That analogy of a shared secret is a very useful one in terms of explaining the benefits of a cryptographic signature over a login system.
The more ‘people’ that are involved, the more potential opportunities there are for attack.
Using that shared secret analogy, imagine you need a favor from someone at your place of work. Your coworker agrees, but only if you divulge a personal secret. Since you have no other options, you share the secret.
Now, if someone else wants to learn that secret, they can try to get it out of you and they can try to get it out of your coworker. There are simply more ways for that information to find its way into the wrong hands.
In this scenario, blockchain systems essentially allow you to handle everything yourself. You’re keeping all the secrets to yourself, therefore reducing the risk of attack. No one can fool you into giving away something you don’t want to.
Responsible and practical implementation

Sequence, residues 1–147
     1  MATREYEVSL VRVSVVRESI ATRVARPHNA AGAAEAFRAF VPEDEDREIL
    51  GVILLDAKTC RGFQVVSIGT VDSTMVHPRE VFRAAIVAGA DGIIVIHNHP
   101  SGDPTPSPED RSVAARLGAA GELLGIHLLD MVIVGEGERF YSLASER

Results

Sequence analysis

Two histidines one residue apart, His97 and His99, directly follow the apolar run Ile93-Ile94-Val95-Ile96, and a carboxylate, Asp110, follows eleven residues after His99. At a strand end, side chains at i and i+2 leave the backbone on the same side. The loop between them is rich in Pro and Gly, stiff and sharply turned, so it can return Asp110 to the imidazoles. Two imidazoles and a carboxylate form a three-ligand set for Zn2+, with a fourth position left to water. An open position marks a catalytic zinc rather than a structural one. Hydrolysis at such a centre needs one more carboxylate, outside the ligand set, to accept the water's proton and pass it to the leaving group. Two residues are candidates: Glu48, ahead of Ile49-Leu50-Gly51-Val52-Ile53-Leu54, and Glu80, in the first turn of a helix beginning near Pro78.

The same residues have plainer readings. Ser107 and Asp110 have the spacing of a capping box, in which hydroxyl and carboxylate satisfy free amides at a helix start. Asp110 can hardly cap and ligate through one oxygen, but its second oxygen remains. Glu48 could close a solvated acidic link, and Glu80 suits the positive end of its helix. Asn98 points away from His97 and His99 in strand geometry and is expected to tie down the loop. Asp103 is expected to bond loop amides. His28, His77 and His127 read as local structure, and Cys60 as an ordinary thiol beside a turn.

While the market surrounding cryptocurrency trading may make mainstream headlines, we’re not living in a time when non-speculative use of blockchain dominate discussion of the technology
Teissonniere highlights how responsibly and practically implementing blockchain systems can be difficult and costly:
“Implementing any blockchain software generally requires a specific kind of expertise. This makes it expensive and tricky to build a correct implementation from scratch, which is why most companies and projects are more likely to build atop existing implementations instead of creating their own. In addition to that, any serious implementation usually has to go through one or more third-party audits to make sure that it is correct.”
With this in mind, it is possible for large companies of any industry that store large amounts of user data to utilize blockchain systems in some way, and if they chose to do so, advanced cybersecurity would definitely be one of the immediate advantages.
As Teissonniere explained above, the initial time and financial investment required to design or license an existing blockchain system and then migrate to that system may be seen by some companies as too substantial a barrier.
But it’s also possible that, as blockchain tech becomes more ubiquitous and as cybersecurity threats become more serious, blockchain may help lead the way into a new era of cybersecurity, one that benefits all of us.